Monopolistic Competition is a type of market structure where there are many firms in the market, but each offers a slightly different product. It is characterized by low barriers to entry and exit, which creates fierce competition. As a result of low barriers to entry, new competitors constantly enter the market to prevent existing firms from making super-normal profits. One example of monopolistic competition is hairdressing. There are many firms that offer a slightly differentiated service, whilst competition is equally strong.

A market that has a Monopolistic structure can be seen as a mixture between a monopoly and perfect competition. Whilst monopoly and perfect competition are at completely different ends of the spectrum; monopolistic competition is somewhere in between. It is similar to a monopoly in the fact a firm can make supernormal profits in the short term. Yet at the same time, there is easy market entry and exit, with few barriers to entry: similar to perfect competition.

Also Monopolistic competition definition says that it stands for an industry in which many firms service similar products which are not a perfect substitute. There are very low barriers to entry or exit in monopolistic competition. In this competition, one firm decision doesn’t affect the whole industry or another firm. Monopolistic competition is just related to the business strategy of brand variation.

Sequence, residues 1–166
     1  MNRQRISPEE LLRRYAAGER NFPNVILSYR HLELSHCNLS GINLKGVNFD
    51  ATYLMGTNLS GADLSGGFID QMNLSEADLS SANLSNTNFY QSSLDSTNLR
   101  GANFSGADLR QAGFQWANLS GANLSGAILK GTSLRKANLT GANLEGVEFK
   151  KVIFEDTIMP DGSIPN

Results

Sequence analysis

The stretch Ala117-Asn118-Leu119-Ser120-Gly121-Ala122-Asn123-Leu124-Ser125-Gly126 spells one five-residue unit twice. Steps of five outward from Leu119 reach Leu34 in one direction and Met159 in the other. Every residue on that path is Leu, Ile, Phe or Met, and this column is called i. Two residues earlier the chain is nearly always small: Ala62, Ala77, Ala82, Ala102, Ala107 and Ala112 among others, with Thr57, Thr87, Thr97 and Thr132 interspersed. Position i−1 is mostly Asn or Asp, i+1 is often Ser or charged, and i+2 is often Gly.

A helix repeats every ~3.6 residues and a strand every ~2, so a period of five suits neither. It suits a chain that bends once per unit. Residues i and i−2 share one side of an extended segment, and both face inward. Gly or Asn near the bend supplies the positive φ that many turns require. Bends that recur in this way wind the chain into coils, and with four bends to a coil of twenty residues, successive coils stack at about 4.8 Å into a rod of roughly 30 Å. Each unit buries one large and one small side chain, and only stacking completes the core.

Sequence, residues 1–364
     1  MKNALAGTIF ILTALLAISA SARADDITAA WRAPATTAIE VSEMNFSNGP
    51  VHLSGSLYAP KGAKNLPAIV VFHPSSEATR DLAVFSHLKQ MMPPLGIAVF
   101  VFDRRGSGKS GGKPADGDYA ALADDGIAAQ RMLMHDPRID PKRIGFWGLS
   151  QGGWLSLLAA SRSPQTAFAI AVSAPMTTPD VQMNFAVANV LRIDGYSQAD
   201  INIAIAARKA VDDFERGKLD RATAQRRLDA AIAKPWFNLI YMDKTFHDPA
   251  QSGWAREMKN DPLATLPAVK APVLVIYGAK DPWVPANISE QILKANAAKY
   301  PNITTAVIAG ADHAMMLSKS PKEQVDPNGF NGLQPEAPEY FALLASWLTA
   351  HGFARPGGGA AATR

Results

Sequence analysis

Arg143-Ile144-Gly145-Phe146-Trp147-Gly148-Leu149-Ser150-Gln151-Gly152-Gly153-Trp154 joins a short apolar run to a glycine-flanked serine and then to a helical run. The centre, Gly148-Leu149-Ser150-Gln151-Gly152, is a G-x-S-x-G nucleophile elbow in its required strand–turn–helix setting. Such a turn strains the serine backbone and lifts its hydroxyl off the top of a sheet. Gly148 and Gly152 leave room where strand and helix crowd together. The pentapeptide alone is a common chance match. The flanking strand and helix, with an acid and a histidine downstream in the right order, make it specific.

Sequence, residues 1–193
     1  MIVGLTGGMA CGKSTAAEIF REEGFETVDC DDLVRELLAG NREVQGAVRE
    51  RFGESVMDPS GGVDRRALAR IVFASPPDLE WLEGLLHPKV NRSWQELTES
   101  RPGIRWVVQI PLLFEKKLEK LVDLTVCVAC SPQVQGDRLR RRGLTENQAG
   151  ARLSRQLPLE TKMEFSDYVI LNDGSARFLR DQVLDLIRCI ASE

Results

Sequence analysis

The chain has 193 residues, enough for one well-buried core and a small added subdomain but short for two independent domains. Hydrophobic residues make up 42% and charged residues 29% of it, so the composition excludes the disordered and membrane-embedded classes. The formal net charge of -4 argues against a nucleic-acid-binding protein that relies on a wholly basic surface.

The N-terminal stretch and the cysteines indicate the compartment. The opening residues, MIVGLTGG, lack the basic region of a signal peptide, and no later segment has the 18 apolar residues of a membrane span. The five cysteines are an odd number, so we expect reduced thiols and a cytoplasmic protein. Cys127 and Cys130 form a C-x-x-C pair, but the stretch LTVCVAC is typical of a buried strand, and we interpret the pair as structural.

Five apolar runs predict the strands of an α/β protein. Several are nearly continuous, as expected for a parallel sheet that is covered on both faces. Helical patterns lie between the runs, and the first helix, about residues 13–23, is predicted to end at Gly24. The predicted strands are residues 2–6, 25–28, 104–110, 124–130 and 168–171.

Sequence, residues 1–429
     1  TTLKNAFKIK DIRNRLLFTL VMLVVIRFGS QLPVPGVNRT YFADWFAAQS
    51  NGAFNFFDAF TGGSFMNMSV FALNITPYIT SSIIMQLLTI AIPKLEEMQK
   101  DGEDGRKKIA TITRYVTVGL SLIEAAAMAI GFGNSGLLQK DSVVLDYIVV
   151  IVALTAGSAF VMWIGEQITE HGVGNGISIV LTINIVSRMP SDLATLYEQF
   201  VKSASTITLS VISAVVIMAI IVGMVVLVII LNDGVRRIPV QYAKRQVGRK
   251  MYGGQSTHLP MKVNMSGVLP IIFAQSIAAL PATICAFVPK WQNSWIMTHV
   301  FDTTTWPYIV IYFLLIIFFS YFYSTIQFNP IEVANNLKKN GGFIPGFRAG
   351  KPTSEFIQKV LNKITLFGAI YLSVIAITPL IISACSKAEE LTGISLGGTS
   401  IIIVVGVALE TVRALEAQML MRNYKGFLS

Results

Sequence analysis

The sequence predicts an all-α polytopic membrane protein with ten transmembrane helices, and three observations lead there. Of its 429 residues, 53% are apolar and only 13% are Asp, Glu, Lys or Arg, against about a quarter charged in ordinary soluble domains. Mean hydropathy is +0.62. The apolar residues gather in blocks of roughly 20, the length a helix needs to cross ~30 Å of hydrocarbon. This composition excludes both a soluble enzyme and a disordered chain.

Features of Monopolistic Competition

  1.  A large number of sellers: In a market with monopolistic competition, there are a large number of sellers who have a small share of the market. There are many sellers involved in the market of monopolistic competition. They also own some small shares of that market.
  2. Product differentiation: In monopolistic competition, all brands try to create product differentiation to add an element of monopoly over the competing products. This ensures that the product offered by the brand does not have a perfect substitute. Therefore, the manufacturer can raise the price of the product without having to worry about losing all its customers to other brands. However, in such a market, while all brands are not perfect substitutes, they are close substitutes for each other. Hence, the seller might lose at least some customers to his competitors.
  3. Freedom of entry or exit: Like in perfect competition, firms can enter and exit the market freely. Any firm can enter or exit in this industry for monopolistic competition. They are free to get involved in this or they can also get out of this as per their wish. It is not necessary to explain the reasons behind it.
  4. Non-price competition: In monopolistic competition, sellers compete on factors other than price. These factors include aggressive advertising, product development, better distribution, after-sale services, etc. Sellers don’t cut the price of their products but incur high costs for the promotion of their goods. If the firms indulge in price-wars, which is the possibility under perfect competition, some firms might get thrown out of the market.
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